Mr. Vassilis Papadopoulos, Coordinator of the Legal Service of the Greek Council for Refugees and an expert on immigration law referred to the first experience that Greece experienced with the refugee in 1920, which shaped the modern form of the Greek state. But “in 2015, the refugee crisis shook Europe and shook its legislative pillars.”

He then referred to the various immigration flows that Greece received in the 1980s and 1990s and their legalization waves, and then mentioned the mixed migration flows since 2004. Mr Papadopoulos pointed out that the EU must continue to handle the issue with respect for European values ​​and human rights, while insisting on the criticality of managing irregular migrants who fall – usually – into economic exploitation and the need to gain access in all social protection structures. Finally, he pointed out that there are three challenges for future management: the need to provide social protection to the migrant population, the management of illegal immigrants and the management of refugees.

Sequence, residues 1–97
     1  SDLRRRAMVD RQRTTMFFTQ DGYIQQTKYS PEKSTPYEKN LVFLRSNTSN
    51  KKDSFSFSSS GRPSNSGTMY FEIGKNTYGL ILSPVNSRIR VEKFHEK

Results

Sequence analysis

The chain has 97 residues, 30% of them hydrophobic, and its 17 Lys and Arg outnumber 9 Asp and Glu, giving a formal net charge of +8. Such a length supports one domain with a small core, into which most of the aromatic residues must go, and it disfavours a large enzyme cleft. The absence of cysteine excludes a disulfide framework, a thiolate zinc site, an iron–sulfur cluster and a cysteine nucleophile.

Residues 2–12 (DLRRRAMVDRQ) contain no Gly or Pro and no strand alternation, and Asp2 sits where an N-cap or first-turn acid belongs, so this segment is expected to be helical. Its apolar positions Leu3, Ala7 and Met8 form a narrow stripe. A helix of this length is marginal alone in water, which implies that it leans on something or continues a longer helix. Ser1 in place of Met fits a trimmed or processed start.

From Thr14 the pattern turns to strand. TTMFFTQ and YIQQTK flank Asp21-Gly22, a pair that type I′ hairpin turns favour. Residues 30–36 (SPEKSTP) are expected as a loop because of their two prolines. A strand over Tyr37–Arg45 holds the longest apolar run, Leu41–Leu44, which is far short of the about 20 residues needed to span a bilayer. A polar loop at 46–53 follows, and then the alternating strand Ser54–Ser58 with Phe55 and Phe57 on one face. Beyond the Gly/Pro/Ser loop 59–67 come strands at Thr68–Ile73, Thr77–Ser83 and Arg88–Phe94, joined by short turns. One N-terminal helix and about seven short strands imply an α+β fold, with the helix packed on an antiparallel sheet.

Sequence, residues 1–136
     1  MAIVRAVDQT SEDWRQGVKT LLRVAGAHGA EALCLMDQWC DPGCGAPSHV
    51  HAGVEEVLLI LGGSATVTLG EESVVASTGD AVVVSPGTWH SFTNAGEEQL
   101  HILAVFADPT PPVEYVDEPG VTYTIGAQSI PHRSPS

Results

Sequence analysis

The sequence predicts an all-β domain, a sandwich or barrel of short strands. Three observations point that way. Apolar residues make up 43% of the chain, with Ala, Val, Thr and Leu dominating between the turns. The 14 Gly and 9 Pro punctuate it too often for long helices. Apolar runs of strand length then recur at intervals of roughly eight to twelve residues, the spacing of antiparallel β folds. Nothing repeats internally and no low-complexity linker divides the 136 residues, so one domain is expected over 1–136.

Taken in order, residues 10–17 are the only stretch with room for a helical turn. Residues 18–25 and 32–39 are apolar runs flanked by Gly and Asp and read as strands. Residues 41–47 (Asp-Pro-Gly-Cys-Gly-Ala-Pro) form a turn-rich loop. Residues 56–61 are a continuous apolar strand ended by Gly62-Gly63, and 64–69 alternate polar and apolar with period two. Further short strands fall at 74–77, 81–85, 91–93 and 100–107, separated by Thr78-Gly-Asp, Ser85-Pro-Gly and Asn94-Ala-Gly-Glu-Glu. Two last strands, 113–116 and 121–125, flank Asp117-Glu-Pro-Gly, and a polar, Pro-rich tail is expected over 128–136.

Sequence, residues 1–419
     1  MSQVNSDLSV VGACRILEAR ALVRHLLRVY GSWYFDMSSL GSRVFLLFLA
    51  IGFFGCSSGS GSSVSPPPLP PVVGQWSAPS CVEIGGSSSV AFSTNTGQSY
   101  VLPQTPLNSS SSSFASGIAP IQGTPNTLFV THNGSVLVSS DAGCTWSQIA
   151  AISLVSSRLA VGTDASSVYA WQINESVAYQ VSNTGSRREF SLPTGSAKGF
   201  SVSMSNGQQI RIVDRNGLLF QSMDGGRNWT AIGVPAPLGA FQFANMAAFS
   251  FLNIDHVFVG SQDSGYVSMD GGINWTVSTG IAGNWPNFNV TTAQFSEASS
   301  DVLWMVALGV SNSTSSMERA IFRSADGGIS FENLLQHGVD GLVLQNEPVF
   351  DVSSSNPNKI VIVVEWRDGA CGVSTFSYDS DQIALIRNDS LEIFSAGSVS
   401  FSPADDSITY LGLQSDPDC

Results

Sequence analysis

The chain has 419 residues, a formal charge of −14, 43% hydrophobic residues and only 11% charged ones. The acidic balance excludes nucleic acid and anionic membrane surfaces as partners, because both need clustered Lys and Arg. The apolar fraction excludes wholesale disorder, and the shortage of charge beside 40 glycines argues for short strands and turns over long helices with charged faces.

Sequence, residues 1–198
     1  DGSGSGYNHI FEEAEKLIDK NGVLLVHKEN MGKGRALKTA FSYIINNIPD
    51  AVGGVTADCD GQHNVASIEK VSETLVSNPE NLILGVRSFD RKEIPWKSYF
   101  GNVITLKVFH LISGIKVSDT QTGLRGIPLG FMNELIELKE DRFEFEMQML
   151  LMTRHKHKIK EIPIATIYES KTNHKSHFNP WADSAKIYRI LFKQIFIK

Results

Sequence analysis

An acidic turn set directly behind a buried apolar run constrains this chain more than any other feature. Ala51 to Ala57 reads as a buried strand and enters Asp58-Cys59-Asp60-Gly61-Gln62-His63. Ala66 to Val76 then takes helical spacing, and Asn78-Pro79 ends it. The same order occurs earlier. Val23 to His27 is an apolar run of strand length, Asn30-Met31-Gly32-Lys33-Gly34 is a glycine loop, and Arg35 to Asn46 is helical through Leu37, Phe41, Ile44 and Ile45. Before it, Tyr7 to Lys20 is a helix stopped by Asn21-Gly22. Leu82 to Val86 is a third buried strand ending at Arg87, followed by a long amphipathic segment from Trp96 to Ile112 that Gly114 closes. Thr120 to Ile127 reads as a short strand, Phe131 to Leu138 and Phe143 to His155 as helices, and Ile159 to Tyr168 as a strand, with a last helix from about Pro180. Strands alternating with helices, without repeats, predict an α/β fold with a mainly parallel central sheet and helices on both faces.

Mr Nikitas Kanakis, Head of the Doctors of the World, criticized the European Union’s stance on the problem of managing the refugee crisis, assessing its actions such as the Europe-Turkey Agreement as attempts to renounce its responsibilities in the face of the problem. the main conclusion to the peek of the refugee crisis in 2015 was that it was met with some success, but by the actions of Civil Society and its organizations, and less so by the state and the official structures. And, despite his relative satisfaction with the reception of the streams, he finds the plan from now on to be particularly problematic and inadequate. With regard to the issues of the permanent establishment and integration of newcomers into European societies, Greece and the EU seem to be unprepared. As measures to improve the situation with regard to migration and population movements Mr Kanakis suggested: conducting a public debate that will then conclude on specific policies, ensuring access to health for all, and finally the introduction of state rules that treat all people equally.